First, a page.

From Tavistock to Hruzdowa and Back Again
Jonathan Cape 2010
Very little illustrates history as well as the personal story. For all of the wars, deportations and suffering of the mid Twentieth Century, it’s only when there are real people that the figures come alive. Luckily there are some very good books out there that help us get our heads around the otherwise near-incomprehensible, and Matthew Kelly‘s book Finding Poland: From Tavistock to Hruzdowa and Back Again (Jonathan Cape, 2010) can be added to that list.
Matthew’s book is about a family that was finding its feet in inter-war Poland, before history happened to them. First the country was divided between the Nazis and the Soviets, before they were deported to the USSR. The story takes them from Kazakhstan and Uzbekistan to Persia, India and – finally – Devon, in England’s lush West Country.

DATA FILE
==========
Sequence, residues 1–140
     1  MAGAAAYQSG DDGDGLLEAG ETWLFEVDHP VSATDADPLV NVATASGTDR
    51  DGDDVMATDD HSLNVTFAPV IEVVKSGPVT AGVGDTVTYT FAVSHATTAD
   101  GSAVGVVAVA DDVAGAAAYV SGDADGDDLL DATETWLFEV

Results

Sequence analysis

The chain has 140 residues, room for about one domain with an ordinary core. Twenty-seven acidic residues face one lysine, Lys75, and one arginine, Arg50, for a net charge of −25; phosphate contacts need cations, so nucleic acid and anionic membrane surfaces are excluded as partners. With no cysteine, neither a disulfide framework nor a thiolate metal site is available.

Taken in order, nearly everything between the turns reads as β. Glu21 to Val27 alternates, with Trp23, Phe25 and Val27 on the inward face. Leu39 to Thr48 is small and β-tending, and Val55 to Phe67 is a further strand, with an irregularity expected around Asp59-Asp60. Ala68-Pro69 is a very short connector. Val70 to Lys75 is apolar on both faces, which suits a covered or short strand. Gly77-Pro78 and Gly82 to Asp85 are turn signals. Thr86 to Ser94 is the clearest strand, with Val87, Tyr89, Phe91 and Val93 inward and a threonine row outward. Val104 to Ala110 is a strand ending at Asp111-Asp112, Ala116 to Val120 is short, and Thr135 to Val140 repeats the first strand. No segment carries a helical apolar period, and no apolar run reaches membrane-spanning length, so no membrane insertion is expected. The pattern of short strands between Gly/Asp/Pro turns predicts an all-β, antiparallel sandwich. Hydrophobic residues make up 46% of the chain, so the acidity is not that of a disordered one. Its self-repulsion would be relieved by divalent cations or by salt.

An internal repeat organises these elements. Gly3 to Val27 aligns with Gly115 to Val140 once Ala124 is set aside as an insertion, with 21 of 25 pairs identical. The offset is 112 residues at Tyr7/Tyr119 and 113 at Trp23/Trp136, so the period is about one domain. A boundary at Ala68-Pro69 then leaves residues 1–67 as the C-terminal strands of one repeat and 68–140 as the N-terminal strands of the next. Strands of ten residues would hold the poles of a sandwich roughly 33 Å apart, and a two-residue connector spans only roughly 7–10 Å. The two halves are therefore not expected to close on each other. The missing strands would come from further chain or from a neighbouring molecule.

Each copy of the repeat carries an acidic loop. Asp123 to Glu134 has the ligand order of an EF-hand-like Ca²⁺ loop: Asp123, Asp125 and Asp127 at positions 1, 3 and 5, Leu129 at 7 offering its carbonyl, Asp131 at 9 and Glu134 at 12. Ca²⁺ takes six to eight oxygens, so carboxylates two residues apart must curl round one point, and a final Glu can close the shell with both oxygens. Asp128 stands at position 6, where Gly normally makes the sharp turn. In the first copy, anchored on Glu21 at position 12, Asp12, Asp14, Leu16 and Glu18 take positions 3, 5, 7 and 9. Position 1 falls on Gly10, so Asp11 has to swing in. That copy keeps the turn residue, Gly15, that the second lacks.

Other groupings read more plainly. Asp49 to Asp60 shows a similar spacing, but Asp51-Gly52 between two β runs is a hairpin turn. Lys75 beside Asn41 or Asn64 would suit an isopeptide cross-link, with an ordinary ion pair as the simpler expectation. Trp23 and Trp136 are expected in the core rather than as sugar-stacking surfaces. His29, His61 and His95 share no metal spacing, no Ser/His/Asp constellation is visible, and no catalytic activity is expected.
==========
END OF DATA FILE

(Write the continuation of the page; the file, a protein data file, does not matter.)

Matthew helps us to understand what this remarkable journey was like for those involved – partly because they are his own family. The book is full of personal photographs and letters, which help bring the family to life. It gives insights into historical events, both large (deportations; the formation of General Anders’ Polish army) and small (life for an aspirant Polish family in the east of the country in the 1930s; teenage girls coming of age in a Polish community in British India). Above all, it’s a really enjoyable read. I recommend it!